Monday, June 17, 2013

Our Savior's Love

The following is a revision of a "comment" I submitted at Latter-day Commentary:

Addiction issues (sexual and otherwise) stem, in part, from LACK OF LOVE and LOW SELF-ESTEEM. We talk about our Savior, our Savior’s love, our need to be patient, etc.. What we fail to acknowledge and/or perhaps don't realize is that our Savior’s love can and will WIPE AWAY EVERY DESIRE TO DO WRONG, even deep-seated addictions.

When one receives the baptism of fire and the Holy Ghost, one is privileged to receive a multitude of blessings. One of those blessings ought to be the opportunity to come back into the Savior’s presence. Upon doing so, one melts in the arms of His redeeming love, as it were. Nephi, Alma, King Lamoni and countless others have experienced this love. Even vile, hardened sinners, upon experiencing it, are transformed, almost overnight. One’ sins (and sinfulness) are literally “burned” out of them and one has no more disposition to do evil, but to do good continually, because of it.

We must pray fervently and “without ceasing” to receive this love. And, once receiving it, we must pray without ceasing to retain it. It is charity, the pure love of Christ.

It is possible for one who has been thus “saved” to fall from grace again. Repentance, by the same act of calling upon God in mighty prayer, is then required. We all “fall from grace” to some extent (even in minor offenses).

It is the experience of communing with our Savior and receiving and experiencing His love that gives us the power and persistence to “endure to the end”, despite all hardships. Anything less would be inadequate to motivate one to “take up his cross” and follow Him.

I can testify that, in the course of time, one can be utterly delivered from addiction. In the case of masturbation and pornography, one “drawback” inhibiting one’s “motivation” to repent of these sins is that the “cost” of said sins seems so “slight” in comparison to the pleasures derived. Oh, sure, we recognize that we are “offending the Spirit” and “setting ourselves back” somewhat, spiritually speaking, but “who is without sin” anyway, we reason, and in what real way is anyone hurt? This mindset allows us to continue in sin, forever “short-changing” ourselves.

But what if someone else were hurt by our actions? What if our sin caused us to deeply harm, even kill another soul — preventing them from experiencing virtue or joy or inhibiting them from joining and enjoying the fullness of the gospel? What if our action turned someone else way from the gospel forever? Or caused our otherwise loving wife to leave us? Would we not then be “murderers” (as Alma, Jr.,was), having destroyed souls? Would not then our sin be very great?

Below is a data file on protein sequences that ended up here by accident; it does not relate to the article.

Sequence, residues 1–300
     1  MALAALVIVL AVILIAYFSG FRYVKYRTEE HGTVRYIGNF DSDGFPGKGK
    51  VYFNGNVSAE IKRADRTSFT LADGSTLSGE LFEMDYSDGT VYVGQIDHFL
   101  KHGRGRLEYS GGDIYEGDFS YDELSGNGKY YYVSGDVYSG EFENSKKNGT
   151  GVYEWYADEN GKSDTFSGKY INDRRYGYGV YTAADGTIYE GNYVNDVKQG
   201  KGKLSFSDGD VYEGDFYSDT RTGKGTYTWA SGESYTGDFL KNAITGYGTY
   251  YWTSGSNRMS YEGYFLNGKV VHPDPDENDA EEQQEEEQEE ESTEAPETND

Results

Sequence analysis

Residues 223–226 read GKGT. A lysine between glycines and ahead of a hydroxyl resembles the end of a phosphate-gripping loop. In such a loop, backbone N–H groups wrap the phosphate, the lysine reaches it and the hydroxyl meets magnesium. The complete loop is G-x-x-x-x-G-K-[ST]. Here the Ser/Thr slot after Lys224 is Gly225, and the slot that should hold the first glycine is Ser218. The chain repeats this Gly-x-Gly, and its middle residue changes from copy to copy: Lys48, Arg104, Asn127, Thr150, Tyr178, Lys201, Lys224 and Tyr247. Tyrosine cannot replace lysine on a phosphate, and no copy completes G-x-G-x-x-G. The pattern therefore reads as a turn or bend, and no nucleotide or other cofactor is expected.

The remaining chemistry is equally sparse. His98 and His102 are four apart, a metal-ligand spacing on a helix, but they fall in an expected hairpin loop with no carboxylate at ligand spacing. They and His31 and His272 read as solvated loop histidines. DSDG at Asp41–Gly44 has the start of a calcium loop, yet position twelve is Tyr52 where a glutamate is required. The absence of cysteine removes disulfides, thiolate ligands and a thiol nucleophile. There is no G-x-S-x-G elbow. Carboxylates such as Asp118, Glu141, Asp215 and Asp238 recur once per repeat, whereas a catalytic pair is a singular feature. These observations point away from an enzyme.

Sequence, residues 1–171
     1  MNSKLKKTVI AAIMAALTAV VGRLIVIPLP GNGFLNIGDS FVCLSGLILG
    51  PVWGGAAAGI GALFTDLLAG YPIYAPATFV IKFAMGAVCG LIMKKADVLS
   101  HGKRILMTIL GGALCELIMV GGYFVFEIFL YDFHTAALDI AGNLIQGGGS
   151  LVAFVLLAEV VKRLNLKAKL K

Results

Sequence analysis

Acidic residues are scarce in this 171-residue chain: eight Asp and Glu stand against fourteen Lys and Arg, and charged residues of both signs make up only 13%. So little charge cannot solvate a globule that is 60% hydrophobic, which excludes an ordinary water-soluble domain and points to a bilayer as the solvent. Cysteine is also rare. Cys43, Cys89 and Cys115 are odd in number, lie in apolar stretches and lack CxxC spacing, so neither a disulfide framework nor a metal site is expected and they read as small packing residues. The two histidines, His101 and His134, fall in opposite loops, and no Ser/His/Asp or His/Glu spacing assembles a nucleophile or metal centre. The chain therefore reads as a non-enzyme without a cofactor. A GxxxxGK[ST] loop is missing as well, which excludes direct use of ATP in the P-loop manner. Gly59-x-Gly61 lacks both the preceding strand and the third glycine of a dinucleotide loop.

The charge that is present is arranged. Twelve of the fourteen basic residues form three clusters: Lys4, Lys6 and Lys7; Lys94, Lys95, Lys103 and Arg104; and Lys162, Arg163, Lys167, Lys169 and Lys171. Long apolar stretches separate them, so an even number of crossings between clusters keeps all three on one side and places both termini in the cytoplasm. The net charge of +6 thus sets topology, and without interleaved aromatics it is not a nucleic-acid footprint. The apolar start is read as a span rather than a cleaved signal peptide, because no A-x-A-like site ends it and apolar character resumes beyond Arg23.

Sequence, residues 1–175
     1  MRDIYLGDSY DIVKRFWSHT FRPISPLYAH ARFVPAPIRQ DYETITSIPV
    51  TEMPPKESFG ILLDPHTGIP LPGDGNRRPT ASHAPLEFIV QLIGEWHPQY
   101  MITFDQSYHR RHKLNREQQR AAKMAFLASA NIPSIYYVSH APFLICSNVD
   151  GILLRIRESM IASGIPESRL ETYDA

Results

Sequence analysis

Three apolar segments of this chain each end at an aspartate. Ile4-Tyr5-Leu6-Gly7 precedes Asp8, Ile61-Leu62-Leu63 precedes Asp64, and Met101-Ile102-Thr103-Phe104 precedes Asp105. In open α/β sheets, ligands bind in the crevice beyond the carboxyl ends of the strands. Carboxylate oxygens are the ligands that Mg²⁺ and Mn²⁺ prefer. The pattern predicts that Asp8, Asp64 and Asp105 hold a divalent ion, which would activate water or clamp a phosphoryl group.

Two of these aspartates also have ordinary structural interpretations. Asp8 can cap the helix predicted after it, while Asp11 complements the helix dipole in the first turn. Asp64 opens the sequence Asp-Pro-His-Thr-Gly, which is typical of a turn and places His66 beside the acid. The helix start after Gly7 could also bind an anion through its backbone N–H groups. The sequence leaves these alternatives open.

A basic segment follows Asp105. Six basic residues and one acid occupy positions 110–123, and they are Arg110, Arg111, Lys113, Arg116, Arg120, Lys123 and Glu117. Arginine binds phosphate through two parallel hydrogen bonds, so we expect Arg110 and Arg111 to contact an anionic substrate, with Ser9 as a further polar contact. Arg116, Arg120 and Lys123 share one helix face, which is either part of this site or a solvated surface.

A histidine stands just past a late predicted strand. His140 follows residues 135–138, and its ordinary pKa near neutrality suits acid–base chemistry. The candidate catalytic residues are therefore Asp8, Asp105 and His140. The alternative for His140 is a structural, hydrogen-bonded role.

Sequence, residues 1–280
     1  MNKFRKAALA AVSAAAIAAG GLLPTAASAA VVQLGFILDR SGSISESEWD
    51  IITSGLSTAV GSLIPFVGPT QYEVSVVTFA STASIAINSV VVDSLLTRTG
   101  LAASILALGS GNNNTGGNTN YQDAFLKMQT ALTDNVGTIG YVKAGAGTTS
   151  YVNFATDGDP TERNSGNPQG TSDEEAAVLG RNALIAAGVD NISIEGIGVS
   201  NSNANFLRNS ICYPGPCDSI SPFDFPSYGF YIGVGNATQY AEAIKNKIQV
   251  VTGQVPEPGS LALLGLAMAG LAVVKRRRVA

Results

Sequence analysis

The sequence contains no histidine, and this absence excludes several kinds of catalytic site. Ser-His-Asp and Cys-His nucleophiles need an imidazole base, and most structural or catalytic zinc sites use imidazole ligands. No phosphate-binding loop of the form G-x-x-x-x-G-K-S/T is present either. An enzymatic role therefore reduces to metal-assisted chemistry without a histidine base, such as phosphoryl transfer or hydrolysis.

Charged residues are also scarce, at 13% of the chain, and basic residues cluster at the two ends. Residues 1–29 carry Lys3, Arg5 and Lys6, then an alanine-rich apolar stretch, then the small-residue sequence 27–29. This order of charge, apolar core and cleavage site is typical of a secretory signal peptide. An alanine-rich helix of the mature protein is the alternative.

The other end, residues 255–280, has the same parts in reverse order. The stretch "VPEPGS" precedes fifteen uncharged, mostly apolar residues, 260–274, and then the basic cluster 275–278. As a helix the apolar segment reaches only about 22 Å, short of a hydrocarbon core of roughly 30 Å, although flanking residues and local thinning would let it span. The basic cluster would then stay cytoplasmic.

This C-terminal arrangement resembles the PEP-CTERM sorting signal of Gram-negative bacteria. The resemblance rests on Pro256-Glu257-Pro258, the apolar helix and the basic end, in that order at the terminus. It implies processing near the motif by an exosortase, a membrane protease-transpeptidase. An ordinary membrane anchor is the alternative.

Sexual sin is common. Those who persist in it eventually commit corruption that truly destroys lives. Once the person so addicted descends to that level of depravity, the loss is great. And with that loss — the loss of someone truly loved — the addict, perhaps for the first time, senses the enormity of his crime and realizes just how dear the price of his penance is (a price, fortunately, fully paid by Him who bore all things, if we will allow Him to).

I have experienced, in an instant, release from intense, life-long addiction that never returned, even in the slightest. In that moment I felt the departure of numerous evil spirits — the last being far worse than the first — from my body, causing me to shake and tremble. I have wept with sorrow, to the point that I have finally “given up” and said “God, take away from me all my sins, my idols, my demons, my lusts. I give them up. I don’t want them anymore.” And I meant it. I had truly had “enough”. I knew, with perfect knowledge, that I could no longer attempt to love both God and my graven images, my false gods, my idols. I could not love both God and mammon. And my love for God eventually won out. I loved my Savior, my wife, and my children — and I loved the one I would have continued offending had I persisted in sin — more than I loved myself or even my sin. The pleasure just wasn’t worth it anymore. As an expression of my love, I had to give up my sin. And I was willing to do so — out of love for others, not just myself. In fact, “myself” never entered the picture. I did it for love for others.

I pray that all those with addictions may be (like me) overwhelmed with love: love from (and for) wife, love from (and for) children, temporal blessings to overflowing. God knows I suffered years — decades! — without such love and blessings…and sin raged in my heart, forcing me to leave the Church and lose my way.

But God is merciful. My love for Christ — His appearance and witness to me — helped pull me through. And His blessings have cemented my resolve and redeemed me from the Fall. I now live in a state of happiness and peace from which, if I am ever careful to remember my former “captivity” and am mindful to continue in fervent prayer, I hope to never fall. For charity never faileth. If one has charity, one has all things.

It is worth not giving up.